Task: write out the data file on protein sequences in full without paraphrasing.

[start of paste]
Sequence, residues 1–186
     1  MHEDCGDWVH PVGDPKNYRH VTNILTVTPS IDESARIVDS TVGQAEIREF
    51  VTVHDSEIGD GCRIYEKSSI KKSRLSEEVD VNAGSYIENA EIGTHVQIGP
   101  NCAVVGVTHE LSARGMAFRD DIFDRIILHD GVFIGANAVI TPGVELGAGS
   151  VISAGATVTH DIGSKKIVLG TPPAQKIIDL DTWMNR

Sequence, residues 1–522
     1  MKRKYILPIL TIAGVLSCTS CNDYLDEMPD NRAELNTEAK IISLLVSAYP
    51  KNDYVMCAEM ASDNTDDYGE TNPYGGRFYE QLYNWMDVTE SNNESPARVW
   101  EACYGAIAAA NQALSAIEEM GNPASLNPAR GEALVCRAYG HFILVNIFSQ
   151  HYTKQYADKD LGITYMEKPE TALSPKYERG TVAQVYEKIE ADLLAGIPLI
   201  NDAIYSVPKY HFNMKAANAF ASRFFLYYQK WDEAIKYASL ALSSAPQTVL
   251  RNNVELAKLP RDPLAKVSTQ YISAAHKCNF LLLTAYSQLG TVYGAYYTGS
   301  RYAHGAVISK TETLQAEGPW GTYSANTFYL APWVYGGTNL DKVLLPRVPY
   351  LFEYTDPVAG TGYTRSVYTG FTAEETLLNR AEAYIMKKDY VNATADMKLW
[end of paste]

Sequence, residues 1–186
     1  MHEDCGDWVH PVGDPKNYRH VTNILTVTPS IDESARIVDS TVGQAEIREF
    51  VTVHDSEIGD GCRIYEKSSI KKSRLSEEVD VNAGSYIENA EIGTHVQIGP
   101  NCAVVGVTHE LSARGMAFRD DIFDRIILHD GVFIGANAVI TPGVELGAGS
   151  VISAGATVTH DIGSKKIVLG TPPAQKIIDL DTWMNR

Sequence, residues 1–522
     1  MKRKYILPIL TIAGVLSCTS CNDYLDEMPD NRAELNTEAK IISLLVSAYP
    51  KNDYVMCAEM ASDNTDDYGE TNPYGGRFYE QLYNWMDVTE SNNESPARVW
   101  EACYGAIAAA NQALSAIEEM GNPASLNPAR GEALVCRAYG HFILVNIFSQ
   151  HYTKQYADKD LGITYMEKPE TALSPKYERG TVAQVYEKIE ADLLAGIPLI
   201  NDAIYSVPKY HFNMKAANAF ASRFFLYYQK WDEAIKYASL ALSSAPQTVL
   251  RNNVELAKLP RDPLAKVSTQ YISAAHKCNF LLLTAYSQLG TVYGAYYTGS
   301  RYAHGAVISK TETLQAEGPW GTYSANTFYL APWVYGGTNL DKVLLPRVPY
   351  LFEYTDPVAG TGYTRSVYTG FTAEETLLNR AEAYIMKKDY VNATADMKLW